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Part 2: Boyer and Cohen

About the Program

James Watson and Francis Crick's discovery of the structure of DNA began a revolution in biology, chemistry, and genetics that continues today. Between 1953 and 1970, scientists learned that DNA controls the activides of each cell by specifying the synthesis of enzymes and other proteins. Armed with this information, as well as an understanding of how protein synthesis was carried out, two scientists, Herbert Boyer and Stanley Cohen, came together and laid the groundwork for recombinant DNA technology, a way of recombining genes from different sources.

In this program, Boyer and Cohen share their stories on what evolved into the beginnings of the multi-billion dollar biotechnology industry. In the early 1970s, Boyer was working at the University of California San Francisco. His research focused on how particular sequences of nucleotides could be cut from a strand of DNA using chemicals called restriction enzymes. He suspected that the cut ends of the DNA sections were "sticky," and that a cut end from one piece of DNA would join with a cut end from another piece of DNA to form a new molecule. But although Boyer recognized how to create a new DNA molecule, he did not know how such a molecule would behave. Boyer needed a way to introduce the recombined molecules into living cells and then to propagate the molecules.

Meanwhile, Cohen was working just 40 miles away, at Stanford University, on a completely different problem. Cohen studied plasmids-small circular units of DNA that could carry genetic material from one bacterium to another. When a plasmid was taken up by a bacterial cell, the plasmid would reproduce itself, passing along its genetic information to the new host. Thus, it was possible to change the genetic makeup of bacteria. Cohen and his assistants developed a method for introducing plasmids into bacterial cells, but they did not have a way to splice new genetic information into the plasmids.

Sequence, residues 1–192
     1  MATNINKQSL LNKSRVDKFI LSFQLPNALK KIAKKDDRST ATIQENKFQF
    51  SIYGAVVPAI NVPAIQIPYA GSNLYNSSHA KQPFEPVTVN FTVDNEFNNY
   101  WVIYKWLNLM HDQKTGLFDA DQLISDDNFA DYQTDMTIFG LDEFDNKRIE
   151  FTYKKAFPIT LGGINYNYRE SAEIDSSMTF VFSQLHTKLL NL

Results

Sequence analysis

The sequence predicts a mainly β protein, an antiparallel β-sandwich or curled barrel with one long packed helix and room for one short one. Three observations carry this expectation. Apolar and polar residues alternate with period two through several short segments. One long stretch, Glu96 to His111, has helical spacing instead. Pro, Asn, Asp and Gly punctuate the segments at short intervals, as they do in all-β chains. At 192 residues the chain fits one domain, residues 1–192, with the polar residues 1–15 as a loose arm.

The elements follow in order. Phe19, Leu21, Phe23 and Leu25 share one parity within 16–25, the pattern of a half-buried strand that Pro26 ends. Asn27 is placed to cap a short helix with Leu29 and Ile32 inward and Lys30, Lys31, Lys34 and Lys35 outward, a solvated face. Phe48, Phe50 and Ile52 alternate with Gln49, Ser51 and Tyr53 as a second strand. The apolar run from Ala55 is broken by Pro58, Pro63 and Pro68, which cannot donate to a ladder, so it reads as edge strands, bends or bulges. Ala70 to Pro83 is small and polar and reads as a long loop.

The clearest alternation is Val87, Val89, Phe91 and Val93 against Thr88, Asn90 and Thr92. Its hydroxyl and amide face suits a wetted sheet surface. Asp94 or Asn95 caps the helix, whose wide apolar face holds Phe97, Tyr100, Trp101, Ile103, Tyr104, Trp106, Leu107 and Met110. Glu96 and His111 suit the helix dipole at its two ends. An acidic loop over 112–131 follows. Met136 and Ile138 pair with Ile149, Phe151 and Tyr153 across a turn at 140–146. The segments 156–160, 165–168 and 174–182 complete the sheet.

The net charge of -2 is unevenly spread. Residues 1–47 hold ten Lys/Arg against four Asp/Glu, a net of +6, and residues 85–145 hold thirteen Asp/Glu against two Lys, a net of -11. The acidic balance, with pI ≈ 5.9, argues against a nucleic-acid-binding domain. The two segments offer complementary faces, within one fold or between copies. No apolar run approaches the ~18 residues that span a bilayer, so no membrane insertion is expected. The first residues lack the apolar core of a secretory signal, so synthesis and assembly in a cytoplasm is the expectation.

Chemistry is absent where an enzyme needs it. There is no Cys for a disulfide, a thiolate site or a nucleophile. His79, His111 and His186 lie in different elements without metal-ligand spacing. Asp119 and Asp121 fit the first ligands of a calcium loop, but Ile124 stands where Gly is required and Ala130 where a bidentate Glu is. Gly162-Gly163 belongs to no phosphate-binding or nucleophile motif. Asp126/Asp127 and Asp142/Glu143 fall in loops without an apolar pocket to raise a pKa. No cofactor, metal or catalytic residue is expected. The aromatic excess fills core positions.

The union of these two technologies occurred in April of 1972, when Boyer and Cohen both attended a scientific meeting in Hawaii. Over hot pastrami and cornedbeef sandwiches, the two scientists planned out a collaboration. Boyer would take Cohen's plasmids and modify them to form new genetic combinations, then Cohen would take the modified plasmids and introduce them into bacterial cells, where the altered genetic material would be reproduced.

The scientific community quickly recognized potential benefits of Boyer and Cohen's experiments with genetic recombination, as well as possible dangerous consequences. In the mid-1970s, guidelines were established that required recombinant DNA research be conducted only in sealed labs with weakened organisms. Since that time, the regulations have been relaxed. And despite public concerns, amazing advances in biological research, medicine, and agriculture have resulted from the techniques first explored by Boyer and Cohen.

Viewing Objectives

  • To learn how information from different scientific fields can be used to support scientific endeavors.
  • To understand the separate contributions of Boyer and Cohen to recombinant DNA technology.
  • To recognize how Boyer and Cohen combined their efforts to produce manipulated genes.
  • To describe how restriction enzymes, plasmids, and bacteria can be used to synthesize a variety of biological substances.
  • To describe some of the social and ethical implications of biotechnology.

Discussion Questions

  1. The making of bread, cheese, vinegar, and wine are processes which have been used for thousands of years. In a sense, these processes are all forms of biotechnology because they rely on the use of living organisms to produce new substances. How do the genetic engineering techniques started by Boyer and Cohen differ from these traditional techniques?
  2. How was the collaboration between Boyer and Cohen similar to that between Watson and Crick? How was it different?
  3. The Boyer/Cohen experiment is an example of a scientific achievement that has had profound social and ethical implications. What are some of these implica tions? Should scientists be free to pursue research regardless of its impact on society? Why or why not? What are some other types of scientific research that have had a similar impact on society?
  4. If you were appointed to a regulatory commission for recombinant DNA technology, what are some of the regulations you would propose? Why? How would you suggest the government enforce your regulations? What other questions would you raise?

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